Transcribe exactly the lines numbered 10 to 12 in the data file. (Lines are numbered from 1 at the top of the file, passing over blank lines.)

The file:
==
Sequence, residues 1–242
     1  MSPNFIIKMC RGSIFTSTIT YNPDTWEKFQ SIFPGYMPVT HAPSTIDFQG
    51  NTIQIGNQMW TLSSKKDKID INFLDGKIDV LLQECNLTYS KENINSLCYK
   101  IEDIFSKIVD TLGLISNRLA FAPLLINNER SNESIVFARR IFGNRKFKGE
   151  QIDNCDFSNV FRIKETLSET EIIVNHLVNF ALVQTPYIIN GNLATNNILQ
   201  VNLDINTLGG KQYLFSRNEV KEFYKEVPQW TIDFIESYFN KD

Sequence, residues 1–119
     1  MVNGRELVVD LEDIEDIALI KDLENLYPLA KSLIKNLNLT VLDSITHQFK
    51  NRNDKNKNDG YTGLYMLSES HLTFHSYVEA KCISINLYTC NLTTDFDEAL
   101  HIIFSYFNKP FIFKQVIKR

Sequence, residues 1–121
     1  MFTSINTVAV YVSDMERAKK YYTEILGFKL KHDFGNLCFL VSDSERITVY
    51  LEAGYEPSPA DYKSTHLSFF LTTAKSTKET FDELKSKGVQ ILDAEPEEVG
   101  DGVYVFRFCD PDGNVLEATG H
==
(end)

   101  HIIFSYFNKP FIFKQVIKR

Sequence, residues 1–121
     1  MFTSINTVAV YVSDMERAKK YYTEILGFKL KHDFGNLCFL VSDSERITVY